Council's Local Laws
The Local Government Act 1995 enables Western Australian local governments to make local laws considered necessary for the good government of their districts. Laws can only be made when authorised by the Local Government Act 1995 or other written laws but cannot be inconsistent with any State or Federal law. The types of laws made by local governments cover areas such as car parking, activities on thoroughfares, public places and council and committee meetings.
Local laws are defined as subsidiary legislation which are capable of disallowance by either House of Parliament under section 42 of the Interpretation Act 1984. Disallowance is the device by which the Parliament maintains control of the power to make subsidiary legislation that it has delegated, by primary legislation (Acts of Parliament), to local governments, State Departments and other agencies of Government. In the case of local governments, this power is granted by the Local Government Act 1995 and other particular Acts such as the Health Act 1911 and the Dog Act 1976.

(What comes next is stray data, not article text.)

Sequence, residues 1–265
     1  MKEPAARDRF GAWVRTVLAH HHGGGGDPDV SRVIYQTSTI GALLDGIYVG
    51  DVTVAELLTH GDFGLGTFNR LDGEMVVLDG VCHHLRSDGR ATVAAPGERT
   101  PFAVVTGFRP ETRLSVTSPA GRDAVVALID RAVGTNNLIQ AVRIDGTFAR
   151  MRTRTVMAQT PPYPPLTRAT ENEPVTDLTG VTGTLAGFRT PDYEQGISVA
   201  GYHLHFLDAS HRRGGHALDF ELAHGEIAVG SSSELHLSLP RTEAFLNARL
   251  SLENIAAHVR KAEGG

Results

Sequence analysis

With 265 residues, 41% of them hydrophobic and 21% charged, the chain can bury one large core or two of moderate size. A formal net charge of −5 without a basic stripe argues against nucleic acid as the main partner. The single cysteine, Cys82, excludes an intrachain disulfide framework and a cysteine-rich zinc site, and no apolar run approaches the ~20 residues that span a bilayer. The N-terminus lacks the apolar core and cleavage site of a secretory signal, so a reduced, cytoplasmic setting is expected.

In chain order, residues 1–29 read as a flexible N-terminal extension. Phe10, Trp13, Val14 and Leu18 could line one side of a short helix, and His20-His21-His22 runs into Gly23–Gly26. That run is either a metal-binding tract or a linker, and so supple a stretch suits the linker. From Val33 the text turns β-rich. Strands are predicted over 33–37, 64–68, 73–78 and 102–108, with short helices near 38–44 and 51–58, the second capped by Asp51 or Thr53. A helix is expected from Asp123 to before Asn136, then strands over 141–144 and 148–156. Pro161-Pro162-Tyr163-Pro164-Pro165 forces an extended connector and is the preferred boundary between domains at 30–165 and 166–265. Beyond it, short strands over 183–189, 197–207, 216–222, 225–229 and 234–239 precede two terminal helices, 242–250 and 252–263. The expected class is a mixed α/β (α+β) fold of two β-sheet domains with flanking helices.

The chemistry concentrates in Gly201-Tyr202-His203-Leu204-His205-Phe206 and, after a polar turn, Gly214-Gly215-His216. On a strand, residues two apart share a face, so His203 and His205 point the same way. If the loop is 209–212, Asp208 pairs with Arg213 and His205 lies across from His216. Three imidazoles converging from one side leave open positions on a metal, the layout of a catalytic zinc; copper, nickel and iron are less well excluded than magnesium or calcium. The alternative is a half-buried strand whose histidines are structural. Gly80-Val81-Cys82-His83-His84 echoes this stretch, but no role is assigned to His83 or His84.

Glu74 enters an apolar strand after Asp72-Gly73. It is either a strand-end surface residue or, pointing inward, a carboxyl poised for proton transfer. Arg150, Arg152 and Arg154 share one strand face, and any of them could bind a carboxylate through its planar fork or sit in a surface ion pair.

Other accountability mechanisms impacting on local laws are:
- the local community, which under the Act is required to be consulted on proposed local laws;
- the Minister for Local Government, who is charged with administering the Department of Local Government which monitors local law making;
- the power of the Minister to request the Governor to make local laws that repeal or amend local laws or prevent certain local laws being made; and
- the courts, which can pronounce on the validity of local laws.
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